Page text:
We stayed in the trailer this morning but got out in the early afternoon. We decided to go to the local Historical Aviation Memorial Museum which is located at the airport. This was a very interesting museum, with many scale models built out of plastic, wood carved and metal. The docent that led us through, Jerry Jordan, was very knowledgeable and informative about the museum, having been a crew chief on a jet fighter while in the service. He told us that the museum allegedly has more model airplanes than the Smithsonian. I don't know about this claim, but there are plenty of airplanes to look at.
The weather was threatening rain, so he took us out to the outdoor display of eight different airplanes, from small trainers to the largest single engine fighter/bomber in the Air Force inventory. All of the airplanes have had their engines removed when they were turned over to the museum by the originating service, to keep the airplane from ever being flown again. Of course, all of the weapons were removed, but I noticed what appeared to be some barrels sticking out of the gun port on one of the Vietnam-era planes. Jerry said that they had made the "guns" out of PVC that had been painted flat black. They were very realistic and if he had not told me, I would have thought they were the real thing.
While we were at the museum and outside, an Army Blackhawk combat helicopter came in with a problem with the rear propeller. They sat on beside the museum on the tarmac and repaired the prop, and soon took off. Jerry told us that it is very common for aircraft, especially helicopters, on their way overseas to fight in the Middle East, to fly into the Tyler County airport if the weather is bad or if there is a mechanical problem. He explained that the crew flies the craft to Beaumont where the rotors are removed or folded up and then loaded onto a transport ship for transport to the war. He said the crew will fly back to their base, and after about a week, they fly overseas to find their aircraft and put it back together and go off to war.
It is humbling to see these brave young men as they prepare to go off to battle in foreign lands. Although my career in law enforcement had many dangerous moments, they pale in comparison to what these men and women face daily.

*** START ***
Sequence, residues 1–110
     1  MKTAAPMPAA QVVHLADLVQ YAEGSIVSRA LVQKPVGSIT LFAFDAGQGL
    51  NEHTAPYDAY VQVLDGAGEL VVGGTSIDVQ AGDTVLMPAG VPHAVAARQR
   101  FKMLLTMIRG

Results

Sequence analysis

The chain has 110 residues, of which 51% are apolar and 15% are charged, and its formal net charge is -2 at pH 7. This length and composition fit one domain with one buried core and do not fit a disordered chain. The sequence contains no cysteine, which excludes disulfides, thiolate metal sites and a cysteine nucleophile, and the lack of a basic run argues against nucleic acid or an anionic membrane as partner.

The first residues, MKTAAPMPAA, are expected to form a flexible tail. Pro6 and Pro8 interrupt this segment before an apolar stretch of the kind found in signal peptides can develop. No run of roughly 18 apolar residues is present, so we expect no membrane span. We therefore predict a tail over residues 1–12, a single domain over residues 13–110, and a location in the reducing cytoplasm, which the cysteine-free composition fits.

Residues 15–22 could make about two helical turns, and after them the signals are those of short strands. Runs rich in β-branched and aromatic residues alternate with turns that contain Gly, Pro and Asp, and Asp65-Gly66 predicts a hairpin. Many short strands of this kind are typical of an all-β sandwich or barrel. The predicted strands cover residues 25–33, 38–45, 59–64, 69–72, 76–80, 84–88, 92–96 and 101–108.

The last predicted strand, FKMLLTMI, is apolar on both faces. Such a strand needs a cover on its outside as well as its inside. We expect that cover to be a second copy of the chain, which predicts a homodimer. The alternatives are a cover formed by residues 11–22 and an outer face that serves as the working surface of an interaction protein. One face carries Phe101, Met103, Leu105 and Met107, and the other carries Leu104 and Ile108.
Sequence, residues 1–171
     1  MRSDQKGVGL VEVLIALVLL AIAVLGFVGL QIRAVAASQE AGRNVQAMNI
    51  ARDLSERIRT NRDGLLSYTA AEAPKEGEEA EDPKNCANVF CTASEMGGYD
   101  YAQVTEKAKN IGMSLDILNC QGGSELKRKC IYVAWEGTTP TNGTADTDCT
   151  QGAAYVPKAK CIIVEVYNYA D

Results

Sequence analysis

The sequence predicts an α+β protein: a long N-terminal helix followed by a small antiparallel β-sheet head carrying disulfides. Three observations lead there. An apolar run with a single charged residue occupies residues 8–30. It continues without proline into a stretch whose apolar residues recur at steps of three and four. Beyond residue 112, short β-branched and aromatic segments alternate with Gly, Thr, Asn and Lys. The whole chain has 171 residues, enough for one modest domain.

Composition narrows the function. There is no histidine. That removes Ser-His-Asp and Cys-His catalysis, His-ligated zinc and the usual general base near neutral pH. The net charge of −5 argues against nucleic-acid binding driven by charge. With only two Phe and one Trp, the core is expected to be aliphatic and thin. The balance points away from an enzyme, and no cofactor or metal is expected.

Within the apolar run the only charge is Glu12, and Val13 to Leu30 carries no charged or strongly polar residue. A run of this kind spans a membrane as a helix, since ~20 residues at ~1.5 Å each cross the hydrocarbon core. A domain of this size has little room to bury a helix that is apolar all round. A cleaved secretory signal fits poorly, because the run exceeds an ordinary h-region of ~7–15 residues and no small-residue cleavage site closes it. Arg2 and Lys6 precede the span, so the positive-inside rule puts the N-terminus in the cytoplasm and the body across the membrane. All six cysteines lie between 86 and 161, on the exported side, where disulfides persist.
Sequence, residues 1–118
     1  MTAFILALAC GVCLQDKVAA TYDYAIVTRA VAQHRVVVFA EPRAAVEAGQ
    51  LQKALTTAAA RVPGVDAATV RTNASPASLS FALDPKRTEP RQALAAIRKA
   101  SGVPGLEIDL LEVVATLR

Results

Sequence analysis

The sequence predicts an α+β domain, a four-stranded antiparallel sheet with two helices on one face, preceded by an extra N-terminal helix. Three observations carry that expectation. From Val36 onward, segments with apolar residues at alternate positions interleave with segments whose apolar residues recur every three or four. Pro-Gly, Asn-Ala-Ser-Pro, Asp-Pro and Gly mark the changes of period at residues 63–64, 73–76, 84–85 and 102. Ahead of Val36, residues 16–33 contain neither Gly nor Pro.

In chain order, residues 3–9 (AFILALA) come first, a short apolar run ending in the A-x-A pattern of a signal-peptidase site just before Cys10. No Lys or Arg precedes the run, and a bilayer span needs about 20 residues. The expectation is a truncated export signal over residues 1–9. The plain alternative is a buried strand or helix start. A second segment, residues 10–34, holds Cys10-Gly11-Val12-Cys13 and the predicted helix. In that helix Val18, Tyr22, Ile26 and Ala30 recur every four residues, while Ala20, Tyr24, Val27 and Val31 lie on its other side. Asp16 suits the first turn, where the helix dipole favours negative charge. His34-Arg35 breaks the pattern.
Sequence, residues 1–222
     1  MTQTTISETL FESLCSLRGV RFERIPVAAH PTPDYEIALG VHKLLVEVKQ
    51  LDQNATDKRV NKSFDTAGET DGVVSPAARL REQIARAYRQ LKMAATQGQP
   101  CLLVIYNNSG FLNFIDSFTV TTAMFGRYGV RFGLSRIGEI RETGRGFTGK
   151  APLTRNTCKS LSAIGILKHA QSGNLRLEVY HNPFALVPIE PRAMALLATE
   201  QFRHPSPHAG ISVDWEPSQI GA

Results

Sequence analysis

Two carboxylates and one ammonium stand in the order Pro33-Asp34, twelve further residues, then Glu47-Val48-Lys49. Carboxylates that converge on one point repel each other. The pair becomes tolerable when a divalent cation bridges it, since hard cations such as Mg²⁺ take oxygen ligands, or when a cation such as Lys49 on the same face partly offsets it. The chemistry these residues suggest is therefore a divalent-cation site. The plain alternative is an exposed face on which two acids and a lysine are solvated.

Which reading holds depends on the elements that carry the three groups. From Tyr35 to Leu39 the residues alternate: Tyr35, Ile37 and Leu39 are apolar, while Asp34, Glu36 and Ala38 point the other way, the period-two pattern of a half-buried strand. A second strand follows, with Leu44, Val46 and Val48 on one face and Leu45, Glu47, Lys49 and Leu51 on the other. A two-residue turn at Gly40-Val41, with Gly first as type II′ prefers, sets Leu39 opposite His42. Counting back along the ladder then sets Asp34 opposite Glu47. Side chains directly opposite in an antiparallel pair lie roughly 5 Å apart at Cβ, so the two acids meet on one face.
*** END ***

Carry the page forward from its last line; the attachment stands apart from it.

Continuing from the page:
We went to the hospital to see Aunt Frat after completing our museum tour. She was much worse today, probably from her medications. We understand that she had a bad night last night, vomiting several times. Today, she slurred her words and seemed lethargic, and later went to sleep while we were there. Burch, Thomas, Misty and Sunny all came by and invited us to Butch's house for supper. We told him that we would be there about 6:00, but got delayed by the bad traffic in Tyler. We got there about 6:20, not too late, but after the time we had said. Butch's wife Cathy greeted us with their other daughter Mandy, who was there with her two sons, along with Thomas and Misty and Sunny. Mandy had fixed a King Ranch Chicken casserole and Cathy had fixed a green salad and a great cherry/pineapple dump cake with Blue Bell. Yummmmmm
We visited with Thomas and Misty for a while and learned that he has 14 years in the Marine Corps and plans to put in his 20 and retire. He has gotten promoted to 2nd Lieutenant and hopes to get promoted again in July to 1st Lt. He said he hopes to make Captain before his retirement. He told me that his plan is to retire and find another career that he can retire from. Misty intends to find a career of her own and they will have three retirements when they finally retire. They are a young couple with good plans made for the future. Thomas said he will have to deploy overseas in a combat zone at least once before he retires, so we wish him well when he does go in harm's way.
Thomas and Misty are very interested in our lifestyle of living in our RV and said they would like to do something similar when they retire. They made plans to come by the trailer tomorrow to see how we live.
We returned to the trailer and had another good night.